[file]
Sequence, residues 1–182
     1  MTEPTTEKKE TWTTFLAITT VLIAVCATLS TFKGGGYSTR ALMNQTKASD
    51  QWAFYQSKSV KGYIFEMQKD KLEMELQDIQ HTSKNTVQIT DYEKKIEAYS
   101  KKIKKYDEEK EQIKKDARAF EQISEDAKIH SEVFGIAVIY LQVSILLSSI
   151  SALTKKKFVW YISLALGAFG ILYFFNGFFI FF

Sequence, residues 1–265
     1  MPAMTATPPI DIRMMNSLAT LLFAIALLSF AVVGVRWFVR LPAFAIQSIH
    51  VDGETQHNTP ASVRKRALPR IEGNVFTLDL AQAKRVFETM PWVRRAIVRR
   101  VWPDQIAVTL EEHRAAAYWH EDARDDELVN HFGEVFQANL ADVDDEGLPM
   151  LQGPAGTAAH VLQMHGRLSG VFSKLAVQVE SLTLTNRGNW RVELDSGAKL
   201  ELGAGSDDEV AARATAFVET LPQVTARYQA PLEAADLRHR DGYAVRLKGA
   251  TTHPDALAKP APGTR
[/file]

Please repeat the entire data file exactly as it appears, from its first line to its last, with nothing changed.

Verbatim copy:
Sequence, residues 1–182
     1  MTEPTTEKKE TWTTFLAITT VLIAVCATLS TFKGGGYSTR ALMNQTKASD
    51  QWAFYQSKSV KGYIFEMQKD KLEMELQDIQ HTSKNTVQIT DYEKKIEAYS
   101  KKIKKYDEEK EQIKKDARAF EQISEDAKIH SEVFGIAVIY LQVSILLSSI
   151  SALTKKKFVW YISLALGAFG ILYFFNGFFI FF

Sequence, residues 1–265
     1  MPAMTATPPI DIRMMNSLAT LLFAIALLSF AVVGVRWFVR LPAFAIQSIH
    51  VDGETQHNTP ASVRKRALPR IEGNVFTLDL AQAKRVFETM PWVRRAIVRR
   101  VWPDQIAVTL EEHRAAAYWH EDARDDELVN HFGEVFQANL ADVDDEGLPM
   151  LQGPAGTAAH VLQMHGRLSG VFSKLAVQVE SLTLTNRGNW RVELDSGAKL
   201  ELGAGSDDEV AARATAFVET LPQVTARYQA PLEAADLRHR DGYAVRLKGA
   251  TTHPDALAKP APGTR